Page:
EDITORIAL

A Romanian leader for the Szekler Land

Liviu Dragnea claims being a bold man. However, would the Social Liberal Union (USL) dare to accept, if not a Szekler region, than at least one that would not split the `historic` Szekler Land, but incorporate it? Which would be equivalent to accepting a steadfast demand from Romania’s major ethnic group. In other words, could he conquer his fear of a future territorial secession and take into account a more pragmatic economic and even political considerations instead? And would such boldness pay off, supposing that politicians’ words would really translate into actions?
Magyar Romanians launched the pro-autonomous region propaganda in the early `90s following a few European examples: Catalonia, South Tyrol etc. However, the EU enlargement marginalized such discourse based on post-war implemented models meant to settle old conflicts.

Border transparency has made relative the concern for preserving some ethnic identities that some consider to still be threatened. At the beginning of the next decade, another model – Kosovo – gained pre-eminence, even if more as a scarecrow meant to favor compromises. Still, the `models` lacked power, so that propaganda largely vanquished them.
As mentalities changed and became more tolerant, he stress shifted to domestic public debates. Various actions have thus popularized Szeklers’ aspirations to have an official region of their own: inscriptions, marches, legislative initiatives, associations of locally elected officials. The long due regionalization train followed, which the Magyar try to jump on while running, in a bid to take advantage of astringent administrative reorganization. Yet, what are the arguments called upon in favor of the Szekler region, `positive discrimination` aside? Economically peaking, no serious study has been conducted to support such project, except a call to the local ego argument, which would be reason enough in the eyes of its defenders, for producing an economic boom in the region. Dominating institutions of local administration and even having some major ministers, Magyars managed to significantly change the region. The lack of varied resources, emigration and low demographics weigh heavily. Also, the lack of genuine industrial pole of the not distant Brasov’s type, as well as the inevitable political monopoly in an autonomous Szekler Land would not be able to offer a genuinely competing economic area. The example of the Democratic Union of Hungarians in Romania (UDMR) is not always positive in this respect.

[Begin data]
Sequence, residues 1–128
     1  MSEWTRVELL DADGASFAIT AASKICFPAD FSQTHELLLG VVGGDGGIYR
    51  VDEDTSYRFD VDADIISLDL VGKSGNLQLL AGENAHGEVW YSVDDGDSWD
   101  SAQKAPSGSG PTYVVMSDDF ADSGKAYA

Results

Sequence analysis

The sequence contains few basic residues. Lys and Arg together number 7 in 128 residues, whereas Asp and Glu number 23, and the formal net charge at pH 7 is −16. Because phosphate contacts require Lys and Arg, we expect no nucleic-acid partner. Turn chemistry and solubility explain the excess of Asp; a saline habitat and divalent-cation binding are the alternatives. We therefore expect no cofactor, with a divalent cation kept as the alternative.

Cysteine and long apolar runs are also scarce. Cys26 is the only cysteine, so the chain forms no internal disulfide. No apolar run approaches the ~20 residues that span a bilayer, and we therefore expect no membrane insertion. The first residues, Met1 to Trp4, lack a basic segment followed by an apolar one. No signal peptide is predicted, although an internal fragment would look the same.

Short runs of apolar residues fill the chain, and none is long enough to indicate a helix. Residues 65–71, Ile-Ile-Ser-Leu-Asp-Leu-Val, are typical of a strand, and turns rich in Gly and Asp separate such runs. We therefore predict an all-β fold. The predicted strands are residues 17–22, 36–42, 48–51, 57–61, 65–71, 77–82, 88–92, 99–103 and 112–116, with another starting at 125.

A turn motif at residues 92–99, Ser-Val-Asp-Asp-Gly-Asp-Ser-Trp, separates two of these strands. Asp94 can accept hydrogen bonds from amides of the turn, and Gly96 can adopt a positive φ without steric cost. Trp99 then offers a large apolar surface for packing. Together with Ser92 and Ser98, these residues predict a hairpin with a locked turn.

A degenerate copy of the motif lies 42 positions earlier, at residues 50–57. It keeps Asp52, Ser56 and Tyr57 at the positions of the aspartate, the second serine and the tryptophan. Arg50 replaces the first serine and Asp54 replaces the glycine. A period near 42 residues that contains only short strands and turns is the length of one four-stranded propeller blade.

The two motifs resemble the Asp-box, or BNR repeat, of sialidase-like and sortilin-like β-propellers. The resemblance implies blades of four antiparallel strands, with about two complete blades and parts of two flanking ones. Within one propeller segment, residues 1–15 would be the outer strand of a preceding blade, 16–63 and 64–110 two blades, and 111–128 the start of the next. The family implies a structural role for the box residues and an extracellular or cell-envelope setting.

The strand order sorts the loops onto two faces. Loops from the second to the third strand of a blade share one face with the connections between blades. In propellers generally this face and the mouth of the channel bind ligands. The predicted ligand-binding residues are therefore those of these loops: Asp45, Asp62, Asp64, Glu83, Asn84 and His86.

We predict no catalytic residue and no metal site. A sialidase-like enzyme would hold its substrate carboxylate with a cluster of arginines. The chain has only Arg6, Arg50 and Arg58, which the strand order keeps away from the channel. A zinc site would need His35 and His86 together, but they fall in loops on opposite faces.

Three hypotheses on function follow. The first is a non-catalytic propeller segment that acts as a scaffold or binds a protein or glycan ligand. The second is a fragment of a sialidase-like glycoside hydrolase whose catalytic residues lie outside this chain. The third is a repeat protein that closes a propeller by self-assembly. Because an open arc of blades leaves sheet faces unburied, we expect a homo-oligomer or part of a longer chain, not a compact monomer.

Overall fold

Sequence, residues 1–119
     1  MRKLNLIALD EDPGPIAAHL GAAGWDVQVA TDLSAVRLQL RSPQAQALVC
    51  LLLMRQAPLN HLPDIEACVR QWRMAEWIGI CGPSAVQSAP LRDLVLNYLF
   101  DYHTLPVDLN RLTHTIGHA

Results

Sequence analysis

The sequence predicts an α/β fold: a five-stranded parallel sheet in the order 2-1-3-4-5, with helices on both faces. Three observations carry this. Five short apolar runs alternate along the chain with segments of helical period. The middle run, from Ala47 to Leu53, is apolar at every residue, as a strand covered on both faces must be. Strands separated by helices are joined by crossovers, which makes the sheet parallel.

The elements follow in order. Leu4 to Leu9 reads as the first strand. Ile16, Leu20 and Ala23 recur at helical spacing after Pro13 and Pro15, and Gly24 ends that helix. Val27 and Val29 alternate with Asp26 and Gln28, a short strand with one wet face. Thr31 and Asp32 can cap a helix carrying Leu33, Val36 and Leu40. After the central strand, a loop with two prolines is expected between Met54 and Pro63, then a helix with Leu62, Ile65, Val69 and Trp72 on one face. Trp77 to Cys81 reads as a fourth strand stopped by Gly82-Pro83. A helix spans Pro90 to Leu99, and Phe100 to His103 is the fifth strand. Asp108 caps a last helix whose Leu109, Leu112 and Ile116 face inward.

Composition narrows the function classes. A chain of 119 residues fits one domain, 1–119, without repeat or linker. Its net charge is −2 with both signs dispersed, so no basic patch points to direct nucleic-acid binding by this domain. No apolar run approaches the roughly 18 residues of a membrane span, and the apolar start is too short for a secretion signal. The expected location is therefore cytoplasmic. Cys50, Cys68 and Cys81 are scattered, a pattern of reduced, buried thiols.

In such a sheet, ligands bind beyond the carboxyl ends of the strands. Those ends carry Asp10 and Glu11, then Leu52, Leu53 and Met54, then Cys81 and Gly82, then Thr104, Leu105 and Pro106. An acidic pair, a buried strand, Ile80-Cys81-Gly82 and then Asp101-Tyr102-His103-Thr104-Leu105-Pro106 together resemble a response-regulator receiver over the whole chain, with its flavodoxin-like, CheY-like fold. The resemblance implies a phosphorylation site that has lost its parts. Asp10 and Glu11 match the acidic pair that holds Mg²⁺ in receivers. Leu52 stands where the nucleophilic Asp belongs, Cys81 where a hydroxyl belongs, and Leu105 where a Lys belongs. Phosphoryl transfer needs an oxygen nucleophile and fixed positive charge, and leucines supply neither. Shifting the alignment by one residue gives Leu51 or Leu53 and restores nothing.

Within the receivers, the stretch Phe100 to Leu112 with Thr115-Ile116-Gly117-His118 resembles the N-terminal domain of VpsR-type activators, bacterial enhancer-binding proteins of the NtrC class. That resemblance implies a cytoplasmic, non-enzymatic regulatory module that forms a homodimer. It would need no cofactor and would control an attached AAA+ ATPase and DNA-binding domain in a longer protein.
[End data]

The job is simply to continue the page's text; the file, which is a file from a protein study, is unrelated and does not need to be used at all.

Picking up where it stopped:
Let’s look at Italy’s example, which is now trying to get rid of regions in order to diminish administrative costs (and the all too many corruption scandals, we might add). What guarantee is there that the regions, with the Szekler one first and foremost, would not rather be a step back, given other state institutions are reformed to a small extent? And why is it that the optimum dimensions of the future regions is not a more seriously approached issue? While Magyars’ argument may look interesting, the dilemma is real nonetheless. The differences noted between Romania’s regions today could resurface, in an even more painful way, in the case of regions that prove being all too large.
Actually, despite the reserve, a Szekler region could not be rejected if it includes 15-20 small Romanian regions (or an ethnic mix in some cases). If studies were to point to such alternative as the optimum one, the only serious argument favoring prudence would regard the means by which a genuine decentralization could be achieved (with the corresponding autonomy of local decisions) and   preventing discrimination. To put it differently, how could the Szekler autonomy models conveyed so far should be implemented without significant connections. Unless this happens, it would make room for just another frustration, and both communities would end up as losers. The protectionism in which the aforementioned autonomist projects are rooted is damaging, anachronistic and deceiving as well. If a Magyar could become deputy premier, why couldn’t a Romanian be the president of the Szekler region? In order to keep democratic symmetry, Magyars too should no longer be suspicious but open to such cooperation above ethnic obsessions.

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